Ed Reyes served in the Los Angeles City Council from 2001 until 2013 as the representative of the 1st District. Growing up by the Los Angeles River, Reyes recognized the river's potential early on and incorporated it into his goals for his time in office. He chaired the Los Angeles River Ad Hoc Committee and focused a renewed attention on reviatlizing and sustaining the river and the surrounding area. Under his leadership, many projects including the completion of the Metro Gold Line and securing more public housing have succeeded.
Below are highlights from our conversation with Reyes; you can watch the whole interview above:
On his personal experience with the river:
To me, it became very clear that the river corridor-- the river itself-- was a healing place. It was our sanctuary. As kids, we went on our bikes, we could fish, cut catfish, we could see the flora and fauna. In there, because of acoustics, you don't hear the traffic, and for us, it was a real Shangri-La. So why couldn't we formalize that relationship? Strip away that which confines it: our laws, our rules, the rail lines, the cement, and offer a reprieve for folks who truly need access to this kind of environment.
On the transformation of the river so far:
Our urban waterway has been transformed from a flood control channel to a navigable water body, which means now you can float on it and not get arrested. It means you can go fishing. I mean, there are a lot of different elements now that allow us to have this interplay with the river, but it's because of those leaders in the past that brought together the necessary forces to say, we need to change this environment because of the looming needs of a growing population.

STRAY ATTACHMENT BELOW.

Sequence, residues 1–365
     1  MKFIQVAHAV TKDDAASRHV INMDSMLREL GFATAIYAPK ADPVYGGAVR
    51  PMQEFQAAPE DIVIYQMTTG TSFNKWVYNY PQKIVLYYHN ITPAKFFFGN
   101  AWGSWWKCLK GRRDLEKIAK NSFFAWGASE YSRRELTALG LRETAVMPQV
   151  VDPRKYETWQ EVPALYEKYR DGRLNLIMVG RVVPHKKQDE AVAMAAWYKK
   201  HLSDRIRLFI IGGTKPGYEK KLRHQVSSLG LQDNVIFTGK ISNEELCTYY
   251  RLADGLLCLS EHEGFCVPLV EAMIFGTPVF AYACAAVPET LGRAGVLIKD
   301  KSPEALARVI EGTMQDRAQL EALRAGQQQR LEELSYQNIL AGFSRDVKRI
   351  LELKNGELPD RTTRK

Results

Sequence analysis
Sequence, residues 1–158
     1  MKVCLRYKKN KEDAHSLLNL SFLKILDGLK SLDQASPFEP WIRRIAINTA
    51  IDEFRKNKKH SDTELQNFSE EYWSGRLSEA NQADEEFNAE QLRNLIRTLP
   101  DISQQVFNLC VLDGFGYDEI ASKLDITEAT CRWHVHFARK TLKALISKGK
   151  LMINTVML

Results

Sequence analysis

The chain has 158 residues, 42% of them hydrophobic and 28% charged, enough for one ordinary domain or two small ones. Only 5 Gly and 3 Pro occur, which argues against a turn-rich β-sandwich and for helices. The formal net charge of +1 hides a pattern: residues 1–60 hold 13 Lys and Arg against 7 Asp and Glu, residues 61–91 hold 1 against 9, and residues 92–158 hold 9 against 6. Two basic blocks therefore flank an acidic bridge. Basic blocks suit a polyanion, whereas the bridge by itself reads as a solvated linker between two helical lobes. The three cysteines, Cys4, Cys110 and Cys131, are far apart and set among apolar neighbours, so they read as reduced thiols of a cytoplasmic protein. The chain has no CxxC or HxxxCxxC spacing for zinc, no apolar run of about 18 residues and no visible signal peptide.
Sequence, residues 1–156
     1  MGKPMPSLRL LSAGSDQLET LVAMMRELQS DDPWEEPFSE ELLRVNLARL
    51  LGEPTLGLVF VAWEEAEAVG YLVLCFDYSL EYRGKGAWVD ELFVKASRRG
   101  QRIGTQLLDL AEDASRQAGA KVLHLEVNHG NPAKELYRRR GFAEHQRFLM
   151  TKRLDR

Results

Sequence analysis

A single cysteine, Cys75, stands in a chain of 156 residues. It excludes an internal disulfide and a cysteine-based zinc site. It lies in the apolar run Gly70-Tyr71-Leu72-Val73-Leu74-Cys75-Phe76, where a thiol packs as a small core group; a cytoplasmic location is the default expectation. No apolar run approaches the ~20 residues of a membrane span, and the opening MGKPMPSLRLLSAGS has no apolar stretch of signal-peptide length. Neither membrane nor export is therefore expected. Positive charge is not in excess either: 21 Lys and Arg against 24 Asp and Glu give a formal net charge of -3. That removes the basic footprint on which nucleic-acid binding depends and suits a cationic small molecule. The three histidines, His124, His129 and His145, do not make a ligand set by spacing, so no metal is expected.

On how residents' attitude toward the river has changed:
The biggest difference between the workshops that occurred in 1991, '92, and today, is that people today believe something real could happen. They are now in a place where they feel they deserve this quantum change, that there is a sense of purpose. It is not just a ditch with a stream of water in it anymore. Back then, people did not believe they deserved this amenity. That this never happens in this neighborhood, we're stuck with the maintenance yards, we're stuck with the freeways, we're stuck with everything other communities don't want.
On the potential of the study:
If I look at the section of northeast LA as a microcosm, as a case example of what could be, I strongly believe we could duplicate this over and over again. Natural habitats themselves become the filtering process in cleaning the water. So if you have these cyclical patterns in which you intercede and breakout the cement, enhance flood control, make the channel wider, deeper, there's different shapes and ways in which you can do that. The flow of the water is so strong. It could clean our land. And there's ways to do it, if you give it a chance. But people need to understand, this study is the tip of the iceberg of what could be.
On what it means to have the river project focused on Northeast Los Angeles:
The sweetness of having this in northeast LA is that you've got some very symbolic but meaningful historical elements here. This is where that first night, the missionaries that were trying to put their stake on the ground to determine and define their missions, happens right there at Elysian Park, where the confluence hits the river. These are all new exchanges of knowledge, history, that our kids could appreciate and learn from. How sweet can you get? And literally, you can hold officials accountable up to city hall-- it's like a mile away. It's two train stops away from Lincoln Heights.
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